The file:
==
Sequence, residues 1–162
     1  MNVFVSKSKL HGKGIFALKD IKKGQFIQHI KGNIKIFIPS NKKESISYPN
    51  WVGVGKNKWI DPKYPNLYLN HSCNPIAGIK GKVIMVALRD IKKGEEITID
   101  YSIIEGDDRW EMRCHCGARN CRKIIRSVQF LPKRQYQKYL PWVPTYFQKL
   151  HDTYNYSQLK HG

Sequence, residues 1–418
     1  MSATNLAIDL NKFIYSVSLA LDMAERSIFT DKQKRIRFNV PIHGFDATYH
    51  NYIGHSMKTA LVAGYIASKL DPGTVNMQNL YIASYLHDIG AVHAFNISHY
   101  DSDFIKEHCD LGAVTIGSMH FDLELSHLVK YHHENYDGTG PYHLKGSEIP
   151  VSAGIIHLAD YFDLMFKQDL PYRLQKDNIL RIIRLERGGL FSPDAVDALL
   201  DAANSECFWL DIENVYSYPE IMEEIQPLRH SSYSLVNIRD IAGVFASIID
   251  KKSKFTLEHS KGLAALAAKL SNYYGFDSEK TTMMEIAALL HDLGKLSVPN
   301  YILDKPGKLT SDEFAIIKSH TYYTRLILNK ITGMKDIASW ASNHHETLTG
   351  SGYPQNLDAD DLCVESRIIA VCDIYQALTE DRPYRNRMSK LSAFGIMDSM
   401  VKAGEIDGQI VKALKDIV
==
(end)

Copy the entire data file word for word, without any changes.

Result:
Sequence, residues 1–162
     1  MNVFVSKSKL HGKGIFALKD IKKGQFIQHI KGNIKIFIPS NKKESISYPN
    51  WVGVGKNKWI DPKYPNLYLN HSCNPIAGIK GKVIMVALRD IKKGEEITID
   101  YSIIEGDDRW EMRCHCGARN CRKIIRSVQF LPKRQYQKYL PWVPTYFQKL
   151  HDTYNYSQLK HG

Sequence, residues 1–418
     1  MSATNLAIDL NKFIYSVSLA LDMAERSIFT DKQKRIRFNV PIHGFDATYH
    51  NYIGHSMKTA LVAGYIASKL DPGTVNMQNL YIASYLHDIG AVHAFNISHY
   101  DSDFIKEHCD LGAVTIGSMH FDLELSHLVK YHHENYDGTG PYHLKGSEIP
   151  VSAGIIHLAD YFDLMFKQDL PYRLQKDNIL RIIRLERGGL FSPDAVDALL
   201  DAANSECFWL DIENVYSYPE IMEEIQPLRH SSYSLVNIRD IAGVFASIID
   251  KKSKFTLEHS KGLAALAAKL SNYYGFDSEK TTMMEIAALL HDLGKLSVPN
   301  YILDKPGKLT SDEFAIIKSH TYYTRLILNK ITGMKDIASW ASNHHETLTG
   351  SGYPQNLDAD DLCVESRIIA VCDIYQALTE DRPYRNRMSK LSAFGIMDSM
   401  VKAGEIDGQI VKALKDIV